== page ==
The purpose of this article is to show how empirical research has revealed that effective policing often integrates and depends upon an amalgam of art, craft, and science. It focuses explicitly on the findings of the study of policing concerned with actions, practice, and the conduct of formal social control by both public and private actors. It provides a framework for understanding the reasons for policing being empirically studied. It represents the continuities and changes in the ideas that animate policing (...) policy and practice and charts the key trajectories of development. This article proceeds further by establishing a broad framework for mapping the key orientations of research on the policing function. It also explores three key dimensions of policing: order management, crime management, and security management. Finally, it concludes by identifying some emerging trends in the organization and conduct of police work as policing organizations seek to reconfigure their capacities and capabilities to meet new challenges. (shrink)
ABSTRACTThis article discusses the French debate of the 1580s over the status of the Salic Law and its influence upon an important text in English political thought, Robert Persons’s Conference about the next Succession to the Crowne of Ingland. Polemicists on both sides of the conflict between Henri of Navarre and the Catholic League, from Pierre de Belloy to the pseudonymous ‘Rossaeus’, sought to explain the French royal succession using a concept of custom drawn from Roman law. Custom offered these (...) thinkers a way to explain the Salic Law’s peculiar limitation of the succession to males descended agnatically, but it could also be taken to imply that the people, from whom it originated, were in some way superior to the king. The concept was exploited most effectively by Rossaeus, who translated what had been a legal discourse into a freer language of political naturalism. Rossaeus’s interpretation of custom was adapted and exploited by Robert Persons in the Conference about the next Succession to the Crowne of Ingland. While, then, much of the Conference’s contemporary influence derived from how its argument mapped onto English constitutional geography, it originated as a continuation of League political thought. (shrink)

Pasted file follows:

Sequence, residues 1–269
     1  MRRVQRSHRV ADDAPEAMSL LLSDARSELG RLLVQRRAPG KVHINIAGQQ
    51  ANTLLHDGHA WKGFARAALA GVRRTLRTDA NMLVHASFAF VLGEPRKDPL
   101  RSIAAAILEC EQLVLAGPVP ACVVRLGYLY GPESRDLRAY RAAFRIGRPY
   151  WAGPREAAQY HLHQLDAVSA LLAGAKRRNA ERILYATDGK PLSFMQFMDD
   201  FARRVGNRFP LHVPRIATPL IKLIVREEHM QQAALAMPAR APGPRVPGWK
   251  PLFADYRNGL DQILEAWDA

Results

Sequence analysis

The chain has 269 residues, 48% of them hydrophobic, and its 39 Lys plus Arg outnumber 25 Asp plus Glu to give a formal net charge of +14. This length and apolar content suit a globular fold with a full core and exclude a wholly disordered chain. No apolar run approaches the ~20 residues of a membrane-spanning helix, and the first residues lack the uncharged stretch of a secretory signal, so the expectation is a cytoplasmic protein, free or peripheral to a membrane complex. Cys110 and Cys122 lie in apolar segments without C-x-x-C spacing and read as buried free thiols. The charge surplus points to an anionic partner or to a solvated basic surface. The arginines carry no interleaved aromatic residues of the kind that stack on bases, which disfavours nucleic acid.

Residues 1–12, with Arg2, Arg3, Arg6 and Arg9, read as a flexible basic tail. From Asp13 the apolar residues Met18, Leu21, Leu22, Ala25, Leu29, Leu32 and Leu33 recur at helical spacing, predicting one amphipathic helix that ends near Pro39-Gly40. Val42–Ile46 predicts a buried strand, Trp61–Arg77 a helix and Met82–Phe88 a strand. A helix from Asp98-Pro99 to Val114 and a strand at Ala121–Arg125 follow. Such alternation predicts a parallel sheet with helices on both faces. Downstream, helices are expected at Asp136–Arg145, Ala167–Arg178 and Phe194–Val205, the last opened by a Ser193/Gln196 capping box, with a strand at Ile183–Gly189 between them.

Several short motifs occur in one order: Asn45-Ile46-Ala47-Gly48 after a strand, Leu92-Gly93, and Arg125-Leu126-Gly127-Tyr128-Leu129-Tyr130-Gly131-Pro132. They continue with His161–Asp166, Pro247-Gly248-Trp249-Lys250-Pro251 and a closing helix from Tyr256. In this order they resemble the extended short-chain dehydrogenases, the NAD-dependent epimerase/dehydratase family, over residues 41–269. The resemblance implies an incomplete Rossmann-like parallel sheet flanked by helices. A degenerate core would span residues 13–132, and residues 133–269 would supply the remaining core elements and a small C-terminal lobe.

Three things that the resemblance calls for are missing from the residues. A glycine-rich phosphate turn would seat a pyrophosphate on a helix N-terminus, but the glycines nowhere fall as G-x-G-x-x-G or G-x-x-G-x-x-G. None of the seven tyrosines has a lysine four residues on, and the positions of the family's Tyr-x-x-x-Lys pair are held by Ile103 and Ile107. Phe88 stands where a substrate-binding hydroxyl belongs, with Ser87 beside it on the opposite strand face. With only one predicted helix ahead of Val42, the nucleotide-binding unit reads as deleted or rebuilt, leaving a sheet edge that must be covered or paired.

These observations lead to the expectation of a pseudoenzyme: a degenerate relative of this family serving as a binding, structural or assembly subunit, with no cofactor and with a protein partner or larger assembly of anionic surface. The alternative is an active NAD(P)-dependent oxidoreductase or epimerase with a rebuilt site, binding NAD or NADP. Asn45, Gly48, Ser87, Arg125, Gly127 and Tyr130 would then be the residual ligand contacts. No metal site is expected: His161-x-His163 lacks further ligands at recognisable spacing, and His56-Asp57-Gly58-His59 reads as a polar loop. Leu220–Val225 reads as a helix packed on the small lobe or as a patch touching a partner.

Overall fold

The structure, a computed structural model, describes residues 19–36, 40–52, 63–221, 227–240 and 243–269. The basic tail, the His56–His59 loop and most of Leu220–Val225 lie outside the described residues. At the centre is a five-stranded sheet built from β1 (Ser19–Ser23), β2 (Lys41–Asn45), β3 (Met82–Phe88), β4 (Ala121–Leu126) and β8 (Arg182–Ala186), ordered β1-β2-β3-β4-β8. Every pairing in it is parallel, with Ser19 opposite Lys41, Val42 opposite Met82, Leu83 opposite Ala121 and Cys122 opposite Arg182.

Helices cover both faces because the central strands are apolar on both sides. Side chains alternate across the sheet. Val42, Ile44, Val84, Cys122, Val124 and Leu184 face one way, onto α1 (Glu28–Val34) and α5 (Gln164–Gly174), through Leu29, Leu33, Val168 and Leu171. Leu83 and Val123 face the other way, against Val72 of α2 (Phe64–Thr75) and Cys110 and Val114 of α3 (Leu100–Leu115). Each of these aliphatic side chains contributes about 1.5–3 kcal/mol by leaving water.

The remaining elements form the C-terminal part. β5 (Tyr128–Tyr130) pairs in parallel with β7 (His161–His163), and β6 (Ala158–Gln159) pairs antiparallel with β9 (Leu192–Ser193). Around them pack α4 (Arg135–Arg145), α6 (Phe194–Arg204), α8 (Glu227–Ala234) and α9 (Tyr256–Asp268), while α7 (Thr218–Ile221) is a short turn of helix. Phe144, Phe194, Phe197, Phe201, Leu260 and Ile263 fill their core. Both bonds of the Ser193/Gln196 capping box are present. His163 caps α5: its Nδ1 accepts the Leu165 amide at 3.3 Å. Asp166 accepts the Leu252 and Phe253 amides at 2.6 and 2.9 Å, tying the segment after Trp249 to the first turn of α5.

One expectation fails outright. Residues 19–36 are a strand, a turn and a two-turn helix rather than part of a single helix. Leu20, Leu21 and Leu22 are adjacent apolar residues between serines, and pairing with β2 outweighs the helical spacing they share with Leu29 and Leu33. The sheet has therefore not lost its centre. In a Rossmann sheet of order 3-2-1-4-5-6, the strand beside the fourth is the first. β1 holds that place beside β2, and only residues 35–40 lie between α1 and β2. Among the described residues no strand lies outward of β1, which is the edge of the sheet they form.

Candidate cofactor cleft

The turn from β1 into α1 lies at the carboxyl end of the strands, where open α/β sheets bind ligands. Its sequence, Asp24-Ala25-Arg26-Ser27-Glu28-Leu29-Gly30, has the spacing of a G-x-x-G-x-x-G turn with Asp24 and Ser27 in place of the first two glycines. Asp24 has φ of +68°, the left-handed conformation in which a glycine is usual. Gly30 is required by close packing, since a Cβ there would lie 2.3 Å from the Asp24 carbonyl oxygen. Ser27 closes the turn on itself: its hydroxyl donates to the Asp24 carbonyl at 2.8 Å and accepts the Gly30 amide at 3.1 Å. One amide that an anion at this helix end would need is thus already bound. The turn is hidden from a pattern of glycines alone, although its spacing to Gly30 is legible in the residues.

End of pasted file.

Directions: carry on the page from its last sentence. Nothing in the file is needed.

In his article , 97–105) R. Reneham rightly classes Sail. Cat.20.9 as a conscious imitation of Cic.Cat.1.1, but adopts the unsatisfactory explanation of parody. Such parody is, as he notes, without parallel in Sallust and ineptly distracts attention from the vigorous development of Catiline's rhetoric. Elsewhere mimesis is regularly a compliment to the author imitated, often closely functional by reinforcing a point from the parallel of a similar context . Similarly I suggest that here Sallust recalls Cicero's words to illustrate (...) that perversion of vocabulary which is the keynote of Catiline's speech: just as he misuses, for example, the terms virtus fidesque at the beginning of his speech, in stark contrast to Sallust's own definition, so he perverts the famous words of the attack which revealed his true villainy in similar savage indignatio. (shrink)